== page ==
Articles

01
by Laurier T. Raymond, Jr., Esq.

I. That’s a question I am often asked when lecturing groups interested in planning their estates. The reason behind the question is usually the desire to avoid the necessity of probate at death. Briefly speaking, I answer the question by asking five questions:

        Do you want the title of your home to be in your child’s name should he/she go through a divorce in the future?
        Do you want the title to your home to be in your child’s name should he/she be the defendant in a law suit which could exceed insurance coverage?
        Do you want the title of your home to be in your child’s name should he/she become bankrupt?
        Do you want the title of your home to be in your child’s name should he/she predecease you?
        Do you want the title of your home in your child’s name should he have or develop an expensive habit, e.g.: drugs, gambling?

II. A related issue is the tax consequence of transferring real estate to the child. Everyone has a “basis” for the property they own. That “basis” is the amount they paid for the property, plus the cost of any improvements. Often, a person who purchased real estate, say 30 or 40 years ago, did so at a very low price and the increase in its value may be ten or twenty times that amount.

If the person sells the property, there could be a capital gain to report. It would be the amount received as profit – the difference between the basis and the sale price. Today there is often a big difference between the two. However, if the property is his principal residence and he has lived there for two years, there is an exclusion available.

Unfortunately, when a person transfers a property to a child without consideration, the child acquires the same basis as the parent. If the child sells the property (and it is not his residence), there could be a substantial capital gain to be reported by the child because of a low basis. In addition, there may be Federal Gift Tax consequences to the parent.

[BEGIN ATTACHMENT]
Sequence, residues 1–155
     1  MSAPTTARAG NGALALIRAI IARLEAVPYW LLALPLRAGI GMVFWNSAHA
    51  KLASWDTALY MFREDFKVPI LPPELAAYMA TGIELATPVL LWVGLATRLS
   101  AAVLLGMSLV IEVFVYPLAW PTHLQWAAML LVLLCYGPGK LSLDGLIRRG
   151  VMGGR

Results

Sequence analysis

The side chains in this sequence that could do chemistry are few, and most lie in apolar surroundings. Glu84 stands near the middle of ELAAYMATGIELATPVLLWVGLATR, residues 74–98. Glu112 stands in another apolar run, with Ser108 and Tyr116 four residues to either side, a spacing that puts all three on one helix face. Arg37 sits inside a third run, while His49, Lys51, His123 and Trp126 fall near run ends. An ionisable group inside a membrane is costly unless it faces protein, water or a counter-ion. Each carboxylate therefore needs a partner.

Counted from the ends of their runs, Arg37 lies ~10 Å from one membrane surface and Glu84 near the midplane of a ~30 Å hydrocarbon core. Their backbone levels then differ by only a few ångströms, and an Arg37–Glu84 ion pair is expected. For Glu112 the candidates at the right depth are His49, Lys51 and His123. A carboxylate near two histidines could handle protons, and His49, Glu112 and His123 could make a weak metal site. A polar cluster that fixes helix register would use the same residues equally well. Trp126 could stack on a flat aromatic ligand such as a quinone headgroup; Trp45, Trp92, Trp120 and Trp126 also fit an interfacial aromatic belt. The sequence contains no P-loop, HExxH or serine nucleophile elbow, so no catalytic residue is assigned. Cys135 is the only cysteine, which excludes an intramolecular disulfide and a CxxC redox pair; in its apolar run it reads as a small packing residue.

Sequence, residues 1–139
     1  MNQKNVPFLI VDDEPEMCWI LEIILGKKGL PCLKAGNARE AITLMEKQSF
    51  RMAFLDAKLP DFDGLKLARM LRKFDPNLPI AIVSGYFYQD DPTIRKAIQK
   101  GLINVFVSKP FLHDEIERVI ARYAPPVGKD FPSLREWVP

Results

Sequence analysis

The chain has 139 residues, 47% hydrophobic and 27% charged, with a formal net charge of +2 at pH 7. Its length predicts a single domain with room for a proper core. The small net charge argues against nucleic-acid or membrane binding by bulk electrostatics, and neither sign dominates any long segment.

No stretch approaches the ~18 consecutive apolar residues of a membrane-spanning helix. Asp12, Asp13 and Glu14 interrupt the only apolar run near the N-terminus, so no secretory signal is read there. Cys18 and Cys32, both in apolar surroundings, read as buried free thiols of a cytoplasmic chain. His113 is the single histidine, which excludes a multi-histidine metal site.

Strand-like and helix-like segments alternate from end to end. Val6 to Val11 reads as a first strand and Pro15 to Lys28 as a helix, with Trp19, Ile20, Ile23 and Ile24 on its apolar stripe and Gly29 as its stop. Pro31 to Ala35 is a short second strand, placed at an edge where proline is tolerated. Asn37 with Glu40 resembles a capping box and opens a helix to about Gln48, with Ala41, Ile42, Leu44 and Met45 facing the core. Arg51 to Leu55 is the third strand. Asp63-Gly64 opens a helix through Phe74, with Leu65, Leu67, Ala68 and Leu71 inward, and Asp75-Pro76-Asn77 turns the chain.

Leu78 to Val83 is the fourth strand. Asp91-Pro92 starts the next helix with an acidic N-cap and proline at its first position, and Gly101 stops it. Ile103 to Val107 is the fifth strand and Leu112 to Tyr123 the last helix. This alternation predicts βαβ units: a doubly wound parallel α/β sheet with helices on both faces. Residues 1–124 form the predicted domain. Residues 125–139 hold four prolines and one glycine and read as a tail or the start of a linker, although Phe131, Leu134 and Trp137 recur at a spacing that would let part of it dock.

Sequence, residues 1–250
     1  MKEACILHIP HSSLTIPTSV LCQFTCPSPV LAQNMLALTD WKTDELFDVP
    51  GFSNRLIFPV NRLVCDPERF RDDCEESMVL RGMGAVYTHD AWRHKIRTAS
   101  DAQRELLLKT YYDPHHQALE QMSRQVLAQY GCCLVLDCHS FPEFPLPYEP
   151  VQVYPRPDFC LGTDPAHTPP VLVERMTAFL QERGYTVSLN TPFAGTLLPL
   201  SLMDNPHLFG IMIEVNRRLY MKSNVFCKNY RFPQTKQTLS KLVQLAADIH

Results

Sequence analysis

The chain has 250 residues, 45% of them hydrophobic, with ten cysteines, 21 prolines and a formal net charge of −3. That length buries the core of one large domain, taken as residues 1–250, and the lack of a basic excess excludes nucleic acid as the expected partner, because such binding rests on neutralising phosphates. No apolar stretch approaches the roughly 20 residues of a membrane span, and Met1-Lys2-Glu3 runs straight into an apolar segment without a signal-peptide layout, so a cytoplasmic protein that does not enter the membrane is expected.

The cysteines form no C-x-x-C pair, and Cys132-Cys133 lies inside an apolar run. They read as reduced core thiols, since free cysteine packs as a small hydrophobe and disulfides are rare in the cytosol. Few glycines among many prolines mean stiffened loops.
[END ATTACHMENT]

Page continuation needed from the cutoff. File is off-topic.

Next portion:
If the child obtains the property after death through a Will, or by inheritance, the child gets a “stepped-up basis”. This means that the child’s basis would be the fair market value of the property on the date of death of the parent. Therefore, the capital gain issue is less of a burden if the child later sells the property. Of course, in the interim, if the child has made the property his principal residence and has lived there for two years there is an exclusion available. Therefore, if the parent has a taxable estate, there could be Federal Estate Tax implications as to whether the property was given away or held until the parent died.

The transfer of property by gift during the parent’s lifetime or the transfer of the property at death have both risks and benefits. An attorney or an accountant should be consulted before such a transfer is made.

Actions: E-mail | Permalink |